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Exploring hospitality education as an occupation in Hong Kong: attractions, challenges and commitment.

Fung, P. Y., 2019. Exploring hospitality education as an occupation in Hong Kong: attractions, challenges and commitment. Doctoral Thesis (Doctoral). Bournemouth University.

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Abstract

Occupational prestige is a key consideration for Chinese people when making career choices, due to the influence of Chinese culture. As Chinese culture is characterised by collectivism and a high power distance, hospitality jobs are considered non-professional and accorded a low social status within the Hong Kong community. Consequently, local people commonly perceive hospitality management studies as unnecessary, especially at the higher educational level. Although educators are highly respected in Chinese communities, the work of hospitality educators is viewed as a non-professional stream of education and relegated to a secondary position in society. These conditions place hidden constraints on the development of hospitality education and the choice of hospitality education as a career in Hong Kong. The main purpose of this study is to explore hospitality education as an occupation in Hong Kong. Accordingly, the study explores the reasons why educators in Hong Kong choose hospitality education as a career and identifies the current and perceived future challenges they face. The study also investigates the level of occupational commitment of hospitality educators in Hong Kong and identifies the key antecedents of their occupational commitment. To achieve the research objectives, the study adopts both qualitative and quantitative research methods in the form of focus group interviews and questionnaires. The questionnaires were administered to Hong Kong hospitality educators by email and face to face, and 314 valid completed questionnaires were collected for data analysis. The findings of the study show that hospitality educators pursue their careers in Hong Kong mainly because of the high occupational prestige and self-fulfilment of working in education, but perceive the poor image of hospitality work as one of their main career challenges. This confirms the contradictory position of hospitality educators in Hong Kong society. The findings also show that Chinese hospitality educators have the lowest level of affective occupational commitment but the highest continuance and normative occupational commitment. This implies that their commitment to their occupation is induced mainly by external pressure and the cost of leaving, fitting with the collectivistic nature of Chinese culture. In addition, the study shows that self-actualisation at work, perceived occupational image, person-job fit, impact concerns and job characteristics have various impacts on the affective, continuance and normative occupational commitment of hospitality educators in Hong Kong. To enhance the occupational commitment of these educators, it is necessary to study the influence of each antecedent carefully to provide them with adequate support. Furthermore, the findings indicate that both their hospitality work and their hospitality education experiences strengthen the impact of person-job fit on their occupational commitment but dampen the impact of occupational prestige on their commitment. This implies that in Chinese communities, occupational prestige cannot sustainably induce occupational commitment throughout the career development journey of hospitality educators. Based on these findings, self-image enhancement, a recognition system and knowledge enhancement opportunities are recommended to enhance the occupational commitment of hospitality educators in Hong Kong.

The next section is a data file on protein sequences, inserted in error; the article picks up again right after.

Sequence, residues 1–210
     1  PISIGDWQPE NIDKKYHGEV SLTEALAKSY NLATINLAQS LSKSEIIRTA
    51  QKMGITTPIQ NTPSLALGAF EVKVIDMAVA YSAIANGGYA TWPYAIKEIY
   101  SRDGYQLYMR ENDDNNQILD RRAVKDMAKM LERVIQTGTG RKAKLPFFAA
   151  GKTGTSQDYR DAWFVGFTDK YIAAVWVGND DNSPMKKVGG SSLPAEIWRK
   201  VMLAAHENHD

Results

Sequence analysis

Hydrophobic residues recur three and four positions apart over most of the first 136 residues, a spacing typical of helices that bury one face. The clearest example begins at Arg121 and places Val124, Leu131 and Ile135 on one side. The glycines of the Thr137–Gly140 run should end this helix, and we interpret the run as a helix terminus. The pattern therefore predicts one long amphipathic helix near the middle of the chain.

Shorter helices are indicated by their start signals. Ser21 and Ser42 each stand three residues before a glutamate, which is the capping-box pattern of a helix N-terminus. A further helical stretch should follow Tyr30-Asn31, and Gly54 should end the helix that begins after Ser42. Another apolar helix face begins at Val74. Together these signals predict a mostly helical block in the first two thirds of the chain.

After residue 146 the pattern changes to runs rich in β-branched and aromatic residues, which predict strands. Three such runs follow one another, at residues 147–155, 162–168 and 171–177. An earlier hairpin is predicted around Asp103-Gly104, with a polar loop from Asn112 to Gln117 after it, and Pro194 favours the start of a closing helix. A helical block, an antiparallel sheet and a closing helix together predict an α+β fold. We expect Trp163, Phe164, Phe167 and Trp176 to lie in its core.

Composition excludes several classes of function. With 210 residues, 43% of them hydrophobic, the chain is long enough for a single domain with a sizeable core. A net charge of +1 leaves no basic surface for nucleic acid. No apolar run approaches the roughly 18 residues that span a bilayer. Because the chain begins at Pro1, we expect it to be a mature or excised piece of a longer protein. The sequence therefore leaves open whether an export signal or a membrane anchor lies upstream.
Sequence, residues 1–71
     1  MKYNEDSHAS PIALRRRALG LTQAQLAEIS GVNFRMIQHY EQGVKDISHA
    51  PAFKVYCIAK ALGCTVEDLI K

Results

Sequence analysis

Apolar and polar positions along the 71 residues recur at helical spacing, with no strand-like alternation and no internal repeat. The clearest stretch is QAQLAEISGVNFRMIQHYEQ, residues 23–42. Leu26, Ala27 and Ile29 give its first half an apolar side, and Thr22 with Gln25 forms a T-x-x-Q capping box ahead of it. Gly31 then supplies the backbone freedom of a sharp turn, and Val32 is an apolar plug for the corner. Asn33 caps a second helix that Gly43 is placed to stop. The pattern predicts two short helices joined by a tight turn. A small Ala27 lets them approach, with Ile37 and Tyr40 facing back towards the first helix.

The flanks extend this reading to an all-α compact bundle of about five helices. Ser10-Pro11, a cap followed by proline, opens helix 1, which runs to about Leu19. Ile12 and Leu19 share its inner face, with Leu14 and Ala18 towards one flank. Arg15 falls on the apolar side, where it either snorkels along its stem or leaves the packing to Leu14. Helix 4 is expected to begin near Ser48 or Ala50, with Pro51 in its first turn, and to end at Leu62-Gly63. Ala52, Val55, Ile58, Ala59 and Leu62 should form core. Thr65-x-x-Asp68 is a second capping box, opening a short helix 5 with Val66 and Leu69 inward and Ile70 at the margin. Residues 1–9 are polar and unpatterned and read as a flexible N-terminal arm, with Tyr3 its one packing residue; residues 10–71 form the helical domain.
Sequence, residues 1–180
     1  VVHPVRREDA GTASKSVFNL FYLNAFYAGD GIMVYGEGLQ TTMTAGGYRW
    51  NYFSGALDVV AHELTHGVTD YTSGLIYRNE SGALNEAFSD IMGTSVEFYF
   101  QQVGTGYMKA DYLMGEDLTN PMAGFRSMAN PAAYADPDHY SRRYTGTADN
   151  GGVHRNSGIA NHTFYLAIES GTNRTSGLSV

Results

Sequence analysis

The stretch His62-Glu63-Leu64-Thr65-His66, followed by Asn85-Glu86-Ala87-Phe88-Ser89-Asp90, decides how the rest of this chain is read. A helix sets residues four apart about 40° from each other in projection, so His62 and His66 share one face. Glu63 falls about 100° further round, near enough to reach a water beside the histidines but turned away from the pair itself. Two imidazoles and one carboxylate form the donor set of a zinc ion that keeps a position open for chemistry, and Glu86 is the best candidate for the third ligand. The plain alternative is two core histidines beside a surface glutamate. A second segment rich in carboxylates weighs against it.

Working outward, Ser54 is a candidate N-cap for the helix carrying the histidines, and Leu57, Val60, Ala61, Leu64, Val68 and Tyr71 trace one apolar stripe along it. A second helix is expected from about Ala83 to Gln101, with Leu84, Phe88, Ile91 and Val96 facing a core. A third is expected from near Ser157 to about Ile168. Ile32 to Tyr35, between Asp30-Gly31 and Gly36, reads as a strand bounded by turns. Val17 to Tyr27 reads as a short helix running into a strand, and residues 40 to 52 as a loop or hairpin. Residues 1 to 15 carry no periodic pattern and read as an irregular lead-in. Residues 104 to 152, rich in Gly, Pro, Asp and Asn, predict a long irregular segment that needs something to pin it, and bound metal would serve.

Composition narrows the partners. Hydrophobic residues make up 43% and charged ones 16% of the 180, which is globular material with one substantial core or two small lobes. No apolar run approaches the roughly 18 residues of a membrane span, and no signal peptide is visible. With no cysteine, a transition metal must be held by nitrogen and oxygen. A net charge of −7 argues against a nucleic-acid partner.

Item Type:Thesis (Doctoral)
Additional Information:If you feel that this work infringes your copyright please contact the BURO Manager
Uncontrolled Keywords:hospitality education; occupational commitment; occupational prestige
Group:Faculty of Management
ID Code:32592
Deposited By: Unnamed user with email symplectic@symplectic
Deposited On:30 Jul 2019 09:32
Last Modified:30 Jul 2019 09:32

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